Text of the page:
Luck Points & the Core
on April 22, 2013, 10:01 a.m.
I've been giving some thought recent to luck points as they existed in first generation Saga Machine games, how they influence the feel of the game and whether they're a good thing to include in a genre-agnostic game's core.
Luck points, more than most other Saga Machine mechanics exist as a meta-game tool. Sure, they can be explained away in-game as luck or fate or karma or something like that, but more than anything they speak to a certain play style (as a side note, the karma points of Against the Dark Yogi are tied directly to a game-world notion). In many ways luck points in play tend to be "save-your-ass" points. And having this sort of "save-your-ass" safety net supports a style of play where daring, risk-taking is made more viable, because those points exist as a fallback. It also supports a style of character development where it is less pressing to take rarely-used-but-occasionally-important skills because when those skills do come up, the lack of a positive modifier can be made up for with retools.
Now, this style of play or character development is fine for many genres. But building this sort of thing into the core is also limiting for others. Consider the example of a survival horror game. In this sort of genre consequence-free risk taking really is anathema to the tone of the game--survival horror being all about trying to minimize risk in a scenario where that is difficult.
One possible fix for a survival horror type game is to simply say "no luck points" in this campaign. And that's doable, but I find that unsatisfactory. For one, from a game design perspective, if something's an option that can be toggled on and off, it shouldn't be part of the core, it should be part of some optional module. Additionally, many traits rely on luck points as a resource--the entire core system of weaknesses being one--so removing luck points indirectly ripples through much of the system. And that can lead to many complications.
Of course, removing luck points from the core game has some similar problems. Luck points are used as a long term resource that many traits key off of. They're also used as the resource generated by weakness traits. Removing luck points from the core means that these traits need another mechanic to interact with. On the other hand, though, removing luck from the core game means that this can be solved at the time of game design rather than at the time of play or at the time of campaign planning. And that means a solution has more time for thought to be given to it and much more time for testing. Something that is significantly preferable.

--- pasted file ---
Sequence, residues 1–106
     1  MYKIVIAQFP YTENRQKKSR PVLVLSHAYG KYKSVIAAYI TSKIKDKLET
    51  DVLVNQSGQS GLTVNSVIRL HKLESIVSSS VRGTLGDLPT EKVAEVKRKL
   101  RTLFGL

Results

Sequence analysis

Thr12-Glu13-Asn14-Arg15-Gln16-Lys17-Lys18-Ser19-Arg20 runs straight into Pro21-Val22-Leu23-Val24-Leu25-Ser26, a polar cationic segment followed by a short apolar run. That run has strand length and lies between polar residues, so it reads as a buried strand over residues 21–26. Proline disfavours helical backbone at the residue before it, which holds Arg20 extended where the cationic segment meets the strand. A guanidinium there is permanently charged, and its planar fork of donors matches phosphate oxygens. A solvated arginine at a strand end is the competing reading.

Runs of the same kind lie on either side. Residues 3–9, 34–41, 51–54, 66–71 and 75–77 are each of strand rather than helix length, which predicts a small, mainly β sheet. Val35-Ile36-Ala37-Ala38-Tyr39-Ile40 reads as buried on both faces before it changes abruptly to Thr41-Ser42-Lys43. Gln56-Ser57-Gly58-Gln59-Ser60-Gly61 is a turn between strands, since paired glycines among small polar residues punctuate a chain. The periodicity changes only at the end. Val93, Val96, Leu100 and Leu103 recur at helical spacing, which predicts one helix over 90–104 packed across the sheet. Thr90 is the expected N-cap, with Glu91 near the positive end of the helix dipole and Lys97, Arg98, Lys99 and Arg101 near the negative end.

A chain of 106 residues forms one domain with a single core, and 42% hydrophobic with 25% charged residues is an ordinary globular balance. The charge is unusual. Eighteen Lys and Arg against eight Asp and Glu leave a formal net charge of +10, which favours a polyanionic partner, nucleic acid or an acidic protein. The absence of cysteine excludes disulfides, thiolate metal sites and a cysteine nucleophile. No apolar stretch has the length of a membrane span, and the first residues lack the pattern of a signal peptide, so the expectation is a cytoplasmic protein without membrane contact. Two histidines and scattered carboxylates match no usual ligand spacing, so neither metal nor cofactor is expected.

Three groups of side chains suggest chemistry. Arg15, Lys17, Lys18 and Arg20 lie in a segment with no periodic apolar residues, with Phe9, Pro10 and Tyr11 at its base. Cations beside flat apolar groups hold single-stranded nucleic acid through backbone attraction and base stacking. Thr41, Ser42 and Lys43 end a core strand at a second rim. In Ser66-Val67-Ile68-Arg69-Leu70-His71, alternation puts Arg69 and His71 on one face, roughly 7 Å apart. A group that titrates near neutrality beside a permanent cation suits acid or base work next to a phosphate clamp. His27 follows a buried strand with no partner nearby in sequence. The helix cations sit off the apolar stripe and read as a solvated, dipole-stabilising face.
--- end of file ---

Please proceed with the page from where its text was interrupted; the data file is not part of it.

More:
On the other hand, it might be preferable to keep something resembling luck points in the core, but to change the mechanics such they they aren't as limiting to the aforementioned genres. Consider this: Luck points are limiting because they can become a safety net in genres where a safety net undermines the mood or themes of the game. Perhaps then there is a way to alter the core luck points so that they aren't by default a safety net.
In my opinion, one of the reasons that luck points become a safety net is their "use after" nature, and their ability to stack. Essentially this means that I can make an action, see that the result is going to suck, and then luck points become my reaction to save the result from being bad. Then, as long as I have luck points, I can keep spending them as I fish for a good result.
Imagine a game where luck points worked like this: You can spend a luck point before an action is made for some bonus to the roll. Only one luck point can be spent per action this way. But once the roll's been made it's made. The results stand. Now the question is: Is this enough of a change to make luck points less of a safety net and not damaging to games that rely on that? Certainly this system changes luck points from a mechanic that's often used as a reaction to a bad roll to one where a player has to decide if a roll is important enough for a luck point before it is made. It also limits the possible effect of luck points on a single roll.
But is it good enough? I'm not sure, but it's something I am considering.